CAIRO: Fitch Ratings said that downside risks for the world economy have increased markedly since the summer and that emerging market economies would be unable to remain decoupled in the event of a sharp slowdown in advanced economies, Fitch Ratings said in a statement to the press.
This is one of the conclusions of Fitch’s latest six-monthly Sovereign Review.
Global economic and financial conditions have worsened considerably since the summer. The global credit squeeze and increasing likelihood that the slowdown in US domestic demand will broaden beyond housing and result in below-trend growth and rising unemployment in advanced economies in 2008.
Tighter credit conditions will impinge on economies where housing markets have been buoyant and household leverage has increased rapidly, raising the chances of a synchronized housing market correction as flagged in the June Sovereign Review. Growth in the UK, Spain and Ireland will be most affected.
The financial market turbulence witnessed since early August amounts to no less than a disorderly tightening of global liquidity. Ongoing pressures in global interbank money markets are diminishing the scope for monetary policy easing measures to support growth, and the balance sheet shocks faced by banks make it likely they will seek to rein in credit growth.
Emerging market assets have fared relatively well amid a global re-pricing of risk and flight to safety by investors. Sovereign spreads have remained low, equity markets strong and local fixed-income markets steady.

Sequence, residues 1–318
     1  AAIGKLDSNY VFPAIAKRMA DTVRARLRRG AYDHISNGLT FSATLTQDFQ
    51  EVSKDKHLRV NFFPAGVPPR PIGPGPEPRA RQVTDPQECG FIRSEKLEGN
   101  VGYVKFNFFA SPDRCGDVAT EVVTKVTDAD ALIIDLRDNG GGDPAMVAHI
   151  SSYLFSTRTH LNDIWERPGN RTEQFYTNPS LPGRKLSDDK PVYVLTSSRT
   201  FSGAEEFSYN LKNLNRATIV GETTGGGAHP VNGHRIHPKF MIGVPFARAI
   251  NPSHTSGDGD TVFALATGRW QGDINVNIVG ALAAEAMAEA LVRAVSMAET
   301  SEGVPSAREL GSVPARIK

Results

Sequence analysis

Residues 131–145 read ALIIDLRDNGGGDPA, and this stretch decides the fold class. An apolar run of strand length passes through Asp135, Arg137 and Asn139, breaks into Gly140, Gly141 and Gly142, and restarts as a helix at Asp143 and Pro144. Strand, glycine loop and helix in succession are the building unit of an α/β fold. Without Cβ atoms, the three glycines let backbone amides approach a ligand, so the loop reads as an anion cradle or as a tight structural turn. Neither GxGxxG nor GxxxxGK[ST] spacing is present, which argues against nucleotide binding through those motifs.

This financial decoupling partly reflects the strengthening of sovereign credit fundamentals in recent years, which in turn is reflected in continued net sovereign rating upgrades through 2007. But the notion that emerging market economies can decouple from advanced economies and remain immune to US recession risks is far-fetched.
Trade linkages to advanced economies have become more powerful over time and the correlation of emerging market exports with US imports is strong.
High commodity prices are helping many emerging markets but they are also contributing to growing inflation challenges. The onus on emerging market central banks to ensure stable inflation expectations is greater than in advanced economies where inflation-targeting is more credible and food prices are less important.
Policy mistakes could lead to volatility in local bond markets, where foreign investment has been supported by the expectation of continued currency appreciation against the US dollar.
Emerging market sovereigns as a whole are less exposed to global liquidity shocks than in the past but a sustained deterioration in market conditions will be testing and will bring differences in external vulnerabilities into stark relief, the company said.
Countries in emerging Europe where large external financing requirements had been easily funded in a climate of strong risk appetite are most exposed and the region’s rating dynamics have shifted. While external vulnerabilities largely reflect private-sector behavior, heavy external borrowing by the private sector can render the balance of payments and hence macroeconomic stability much more vulnerable to external shocks.
Moreover, during episodes of economic and financial distress, the government may assume all, or some, of the private sector’s external liabilities as a means of restoring economic confidence and stability.
Recent developments in Kazakhstan (BBB/Negative) testify to the importance of private external borrowing for sovereign risk.
The Sovereign Review December 2007 is available on the agency’s website www.fitchratings.com